Nothing in life is inherently easy. You must work for success and cut through a lot of stuff to achieve your goals. It takes resilience and certain amount of mental toughness to stay focused and work towards those goals day after day, despite everything thrown at you.
Mental toughness is more than just a mindset – it’s a muscle you can build and tap into when things get particularly tough. Imagine Sarah Sellers, who recently came in second place at the Boston Marathon. She works a full-time job as a nurse anesthetist and still found time to train for one of the world’s most prestigious distance races, before and after 10 hour shifts at Banner-University Medical Center in Arizona. The day of the marathon presented sub-optimal running conditions with pouring rain and winds upwards of 30 miles per hour.She pushed through what was almost certainly a grueling three hours that required exceptional mental toughness.
Whether you’re pushing through tight deadlines, angling for a promotion, or dealing with combative coworkers, that same mental toughness can be applied in the workplace to overcome adversity and achieve success.
What Is Mental Toughness and Why Does It Matter?
Mental toughness means something different to everyone, but at its core, it is the ability to face and overcome adversity under high levels of stress. It is the ability to run that last mile when your legs feel like rubber, to push through that one more meeting when you just want to go home, and to overcome that voice in the back of your head that says “maybe not today…”
Mental toughness provides an edge that allows you to not only overcome adversity, but to perform at a higher level and meet or exceed limits that you might otherwise face. It is something that kicks in when things get hard, at the point where you’re most likely to give up.
People who are mentally tough will always act as if they are in control, will push aside the things that they cannot control, and will learn from the past and use it for improvement. At the same time, they celebrate and appreciate the successes of those around them and worry about impressing themselves not others. They are grateful for what they achieve, introspective of what they do not, and when a problem arises, they strive to fix it, not complain about it. These traits can help you overcome almost anything put in your path.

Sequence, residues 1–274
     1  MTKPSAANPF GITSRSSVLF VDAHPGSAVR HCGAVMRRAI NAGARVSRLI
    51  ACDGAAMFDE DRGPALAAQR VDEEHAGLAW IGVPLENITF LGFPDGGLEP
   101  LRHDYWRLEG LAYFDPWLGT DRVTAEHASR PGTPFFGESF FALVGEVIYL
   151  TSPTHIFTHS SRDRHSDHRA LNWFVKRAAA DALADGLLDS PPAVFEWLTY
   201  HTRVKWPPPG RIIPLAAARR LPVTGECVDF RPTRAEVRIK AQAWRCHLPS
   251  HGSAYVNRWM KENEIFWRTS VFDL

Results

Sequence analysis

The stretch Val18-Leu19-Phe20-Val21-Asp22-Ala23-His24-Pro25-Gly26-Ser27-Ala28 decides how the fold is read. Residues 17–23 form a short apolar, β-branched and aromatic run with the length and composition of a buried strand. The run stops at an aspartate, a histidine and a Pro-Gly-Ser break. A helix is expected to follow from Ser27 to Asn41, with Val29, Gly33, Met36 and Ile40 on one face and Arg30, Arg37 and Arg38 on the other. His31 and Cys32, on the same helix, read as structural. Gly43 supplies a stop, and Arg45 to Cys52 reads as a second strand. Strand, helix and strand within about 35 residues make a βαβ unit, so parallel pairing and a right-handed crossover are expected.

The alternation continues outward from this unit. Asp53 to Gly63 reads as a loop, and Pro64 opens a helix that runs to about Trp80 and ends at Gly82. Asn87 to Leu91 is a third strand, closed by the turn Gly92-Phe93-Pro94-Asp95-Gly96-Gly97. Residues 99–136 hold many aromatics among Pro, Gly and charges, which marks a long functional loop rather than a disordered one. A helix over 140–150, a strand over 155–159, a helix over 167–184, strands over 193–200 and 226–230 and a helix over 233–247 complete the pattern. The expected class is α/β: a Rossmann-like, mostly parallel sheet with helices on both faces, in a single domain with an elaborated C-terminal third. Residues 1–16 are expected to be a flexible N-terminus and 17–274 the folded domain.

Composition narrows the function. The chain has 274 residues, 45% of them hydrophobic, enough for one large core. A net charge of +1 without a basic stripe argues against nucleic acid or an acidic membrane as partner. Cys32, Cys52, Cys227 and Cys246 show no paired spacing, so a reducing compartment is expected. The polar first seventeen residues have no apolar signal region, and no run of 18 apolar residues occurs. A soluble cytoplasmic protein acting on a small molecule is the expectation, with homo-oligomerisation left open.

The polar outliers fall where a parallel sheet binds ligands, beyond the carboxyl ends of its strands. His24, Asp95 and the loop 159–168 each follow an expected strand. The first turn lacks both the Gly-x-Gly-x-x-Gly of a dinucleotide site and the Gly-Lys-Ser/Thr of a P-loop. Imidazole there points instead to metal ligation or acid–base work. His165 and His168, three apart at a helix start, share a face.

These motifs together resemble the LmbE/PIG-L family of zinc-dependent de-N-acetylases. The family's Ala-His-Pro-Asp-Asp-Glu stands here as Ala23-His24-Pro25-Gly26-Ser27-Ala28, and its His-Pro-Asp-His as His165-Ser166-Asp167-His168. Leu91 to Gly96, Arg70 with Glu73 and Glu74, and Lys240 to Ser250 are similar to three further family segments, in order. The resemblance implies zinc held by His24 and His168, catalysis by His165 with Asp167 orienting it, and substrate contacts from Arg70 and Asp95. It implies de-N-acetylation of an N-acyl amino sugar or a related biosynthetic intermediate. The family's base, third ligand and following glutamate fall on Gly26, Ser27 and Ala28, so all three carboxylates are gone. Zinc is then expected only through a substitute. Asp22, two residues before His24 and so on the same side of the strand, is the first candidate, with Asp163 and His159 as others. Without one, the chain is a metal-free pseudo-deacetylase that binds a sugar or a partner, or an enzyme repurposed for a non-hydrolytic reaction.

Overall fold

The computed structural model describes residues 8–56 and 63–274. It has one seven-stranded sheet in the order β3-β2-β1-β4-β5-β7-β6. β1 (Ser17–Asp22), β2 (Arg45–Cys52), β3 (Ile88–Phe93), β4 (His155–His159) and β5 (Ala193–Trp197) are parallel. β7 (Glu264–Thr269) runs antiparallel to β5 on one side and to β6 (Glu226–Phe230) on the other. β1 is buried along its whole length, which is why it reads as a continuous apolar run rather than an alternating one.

How You Can Improve and Develop Mental Toughness
Mental toughness does not come naturally to most people. It’s a trained skill. A mental muscle that you must work on and actively improve if you want to see true benefits. It’s human nature to worry about what others think and to get a little depressed when something goes wrong. But with the right mindset and training, you can develop greater mental toughness and tackle these potential issues head on. Improve your mental toughness by focusing on these six elements:
- Don’t Worry About Things That are Out of Your Control – Focus on things that you have the ability to control and try not to worry about things that are outside of your control. It is not possible to control everything and it is a waste of time and energy to spend time worrying about things that you have no control over.
- Being Prepared Will Help Boost Confidence – If you have a big speech coming up, a meeting with a major client, or are going in for a review, prepare for it. By practicing your speech many times, reviewing your facts and bringing supporting materials, and knowing ahead of time what you want to say, your confidence will be higher.
- Remain Positive and Manage Your Emotions – Keep your words and body language positive.. Negative actions and words can breed negative emotions. By managing your emotions, you avoid excessive negativity that impacts your resilience.
- Celebrate Your Accomplishments – Find your sense of pride. What are you working towards and what can you accomplish? Pushing towards a goal that will make you feel good can have a major impact on your mental toughness.
- Learn from Past Experiences – The past is full of mistakes that are easy to dwell on, but don’t. Learn from those mistakes, learn from the successes and failures of others, and then let them go. See the past as training for the future. You might fail, but in that failure, you’ve learned what you can do better.
- Support Those Around You – It’s easy to feel resentment when someone else succeeds. A win for a colleague is one less possible win for you, right? Not so fast. Your colleague’s success has nothing to do with your own. Celebrate wins whenever you see them, and your colleagues will do the same for you. Letting go of that resentment can make you tougher.
You will always come across challenging times in your professional and personal life. You’ll want to give up, and it’s in those moments, that a little bit of extra mental toughness can make all the difference. To support your growth and help build that mental toughness, look to those around you. A network of like-minded women who can support and motivate you through challenging obstacles on your path to success can make all the difference.